Created By: Diane Lebo Wallace
Old forestry records show that the 2,248-acre Bucktooth State Forest featured timber when the state purchased the property, unlike most old farms purchased during that era. Stands appear to be even aged so most of this forest was cleared at some time. Later inspection showed that many of these mature stands appeared to have been "high graded." High grading is selective cutting that removes the best trees and leaves the rest of the poorer quality stems to grow. Evidence of what may have been a small logging camp was found which suggests that much of this area was subject to this type of cutting in the past. An older stand near Bailey Hollow has been retained and still shows the result of this type of cutting. Most of these types of stands have either been blown down and salvaged or been clear cut and regenerated. Due to the rocky nature of the soils on this property only a few areas appear to have been plowed.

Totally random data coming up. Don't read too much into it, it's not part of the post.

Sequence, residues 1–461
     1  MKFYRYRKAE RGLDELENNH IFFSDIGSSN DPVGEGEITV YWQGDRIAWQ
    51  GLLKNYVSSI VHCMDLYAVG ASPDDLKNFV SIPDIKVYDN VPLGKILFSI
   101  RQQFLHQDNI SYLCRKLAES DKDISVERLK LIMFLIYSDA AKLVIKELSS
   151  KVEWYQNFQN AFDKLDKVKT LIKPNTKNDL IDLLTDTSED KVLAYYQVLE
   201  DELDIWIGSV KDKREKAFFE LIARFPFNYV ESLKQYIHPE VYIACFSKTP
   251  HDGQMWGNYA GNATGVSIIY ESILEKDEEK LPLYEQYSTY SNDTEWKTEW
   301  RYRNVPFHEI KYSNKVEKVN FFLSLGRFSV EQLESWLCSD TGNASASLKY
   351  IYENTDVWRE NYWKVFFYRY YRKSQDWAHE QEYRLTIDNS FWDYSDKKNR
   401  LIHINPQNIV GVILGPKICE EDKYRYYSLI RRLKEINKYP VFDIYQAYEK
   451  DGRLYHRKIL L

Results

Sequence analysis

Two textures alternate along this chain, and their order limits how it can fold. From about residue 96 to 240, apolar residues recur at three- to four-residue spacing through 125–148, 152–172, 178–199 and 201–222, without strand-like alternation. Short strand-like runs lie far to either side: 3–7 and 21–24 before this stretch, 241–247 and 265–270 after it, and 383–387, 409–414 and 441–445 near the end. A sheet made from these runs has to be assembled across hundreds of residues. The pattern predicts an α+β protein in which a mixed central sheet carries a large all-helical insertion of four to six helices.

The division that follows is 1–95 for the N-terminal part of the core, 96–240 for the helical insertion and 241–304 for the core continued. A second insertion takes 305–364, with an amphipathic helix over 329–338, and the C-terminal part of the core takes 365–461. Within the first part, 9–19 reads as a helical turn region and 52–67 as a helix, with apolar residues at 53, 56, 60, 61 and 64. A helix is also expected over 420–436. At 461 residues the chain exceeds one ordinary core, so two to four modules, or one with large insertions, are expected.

In the 1930s Bucktooth State Forest was the site of many work projects carried out by the Civilian Conservation Corps (CCC). The CCC, established by the administration of Franklin Delano Roosevelt, provided employment opportunities for young men during the depression. CCC projects included the construction of roads and the planting of thousands of pine, larch and spruce trees in the open areas on the property.
FLT Map M2
This point of interest is part of the tour: History along the Finger Lakes Trail - Allegany Region